Kenyan religious leaders urge the president to repeal a new tax law as protests surge

Christian and Muslim leaders in Kenya are urging President William Ruto to repeal a finance bill whose new taxes have sparked protests and police killings of civilians

Cara Anna
Friday 14 July 2023 16:34 BST

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Christian and Muslim leaders in Kenya are urging President William Ruto to repeal a finance bill whose new taxes have sparked protests and police killings of civilians, warning that Kenyans face a level of hopelessness that “can easily inspire insurrection.”

Friday’s statement by national religious organizations came as the main political opposition group announced the next protest would take place next Wednesday, and as Ruto declared it would not be allowed.

Human rights watchdogs have asserted that police killed as many as 10 people in the latest protests this week, while a police official told The Associated Press that officers killed at least six across the country for disturbing businesses. Meanwhile, more than 50 children were sent to a medical clinic after tear gas was thrown into a school in the capital, Nairobi.

“Firearms should never be used to disperse protests,” the United Nations human rights office said Friday. It urged Kenyan authorities to ensure the right to peaceful assembly as guaranteed by the constitution.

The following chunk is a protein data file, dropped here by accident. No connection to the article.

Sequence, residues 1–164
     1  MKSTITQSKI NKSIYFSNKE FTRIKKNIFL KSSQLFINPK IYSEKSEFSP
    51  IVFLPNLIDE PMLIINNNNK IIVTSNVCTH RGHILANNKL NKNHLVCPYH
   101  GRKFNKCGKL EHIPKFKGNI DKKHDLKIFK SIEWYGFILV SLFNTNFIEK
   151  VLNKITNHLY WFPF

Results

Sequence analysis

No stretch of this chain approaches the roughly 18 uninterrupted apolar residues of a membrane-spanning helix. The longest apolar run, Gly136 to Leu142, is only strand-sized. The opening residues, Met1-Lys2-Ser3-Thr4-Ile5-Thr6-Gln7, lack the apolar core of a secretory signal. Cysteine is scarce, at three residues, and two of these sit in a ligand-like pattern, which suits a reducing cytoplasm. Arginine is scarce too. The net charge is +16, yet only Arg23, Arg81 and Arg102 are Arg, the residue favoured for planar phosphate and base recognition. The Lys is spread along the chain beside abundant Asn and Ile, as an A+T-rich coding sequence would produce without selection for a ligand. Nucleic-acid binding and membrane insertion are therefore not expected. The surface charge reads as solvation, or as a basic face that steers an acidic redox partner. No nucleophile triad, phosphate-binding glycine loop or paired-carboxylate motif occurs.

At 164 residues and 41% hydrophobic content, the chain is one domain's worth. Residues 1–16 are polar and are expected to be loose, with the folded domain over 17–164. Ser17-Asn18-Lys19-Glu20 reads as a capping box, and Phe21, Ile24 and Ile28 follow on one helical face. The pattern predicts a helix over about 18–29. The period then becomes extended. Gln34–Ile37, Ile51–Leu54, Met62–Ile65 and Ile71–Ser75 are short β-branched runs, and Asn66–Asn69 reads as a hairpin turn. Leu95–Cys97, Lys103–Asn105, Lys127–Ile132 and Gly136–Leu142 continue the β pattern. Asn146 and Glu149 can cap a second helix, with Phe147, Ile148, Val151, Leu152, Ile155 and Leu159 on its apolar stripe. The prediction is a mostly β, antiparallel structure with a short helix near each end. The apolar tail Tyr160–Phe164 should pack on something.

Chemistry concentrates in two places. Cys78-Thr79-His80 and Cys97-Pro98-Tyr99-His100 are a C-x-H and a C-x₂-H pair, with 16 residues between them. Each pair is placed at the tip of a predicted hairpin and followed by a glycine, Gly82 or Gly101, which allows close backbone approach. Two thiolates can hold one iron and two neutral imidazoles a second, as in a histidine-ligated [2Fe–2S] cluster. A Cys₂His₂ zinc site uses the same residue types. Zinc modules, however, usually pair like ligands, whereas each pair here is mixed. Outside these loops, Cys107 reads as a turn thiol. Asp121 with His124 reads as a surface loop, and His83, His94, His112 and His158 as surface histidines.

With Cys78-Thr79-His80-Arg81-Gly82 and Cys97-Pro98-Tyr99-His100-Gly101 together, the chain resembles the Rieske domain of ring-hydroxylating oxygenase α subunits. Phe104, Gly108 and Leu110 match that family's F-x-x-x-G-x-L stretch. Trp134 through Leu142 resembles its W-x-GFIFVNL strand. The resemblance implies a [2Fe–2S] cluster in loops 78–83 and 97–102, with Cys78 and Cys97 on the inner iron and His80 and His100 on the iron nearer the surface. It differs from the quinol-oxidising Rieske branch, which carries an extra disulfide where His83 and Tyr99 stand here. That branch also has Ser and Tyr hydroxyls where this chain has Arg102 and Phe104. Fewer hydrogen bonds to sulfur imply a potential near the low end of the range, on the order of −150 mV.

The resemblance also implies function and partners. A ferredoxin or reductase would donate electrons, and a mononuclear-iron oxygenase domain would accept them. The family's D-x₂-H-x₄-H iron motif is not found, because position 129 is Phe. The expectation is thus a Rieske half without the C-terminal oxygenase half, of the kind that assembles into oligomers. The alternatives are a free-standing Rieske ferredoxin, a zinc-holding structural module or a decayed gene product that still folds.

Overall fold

Ruto’s government accused demonstrators of “extensive damage of major public assets” after hundreds on Wednesday dismantled part of an entrance to a recently constructed toll expressway that for some symbolizes inequality as everyday traffic surges in its shadow.

The government also blames longtime opposition leader Raila Odinga for the unrest. Odinga, who lost last year’s election to Ruto, has urged Kenyans to civil disobedience to protest the rising cost of living. Odinga’s movement seeks to protest Wednesday, Thursday and Friday next week.

Some Kenyans have described the new taxes as leaving them with the highest burden they've ever faced. The finance bill increased the value added tax on petroleum from 8% to 16%, boosted a business turnover tax from 1% to 3% and created a new 1.5% percent housing tax for salaried workers.

Pressure is rising on Ruto, who won election by appealing to Kenya’s “hustlers” as a man of humble childhood and by vowing to reduce the cost of living. But the country struggles with debt and has turned to the new taxes for some relief.

The statement by religious groups also warned Odinga that his calls for mass action risked pushing Kenya into insurrection. “Indeed, the destruction of businesses as well as public and private properties is pushing the cost of living higher, not lower,” it said.

The statement also urged all Kenyans to embrace dialogue and non-violence: “We must not allow the selfish interests of political leaders to destroy our homeland and push us into destitution," it said.

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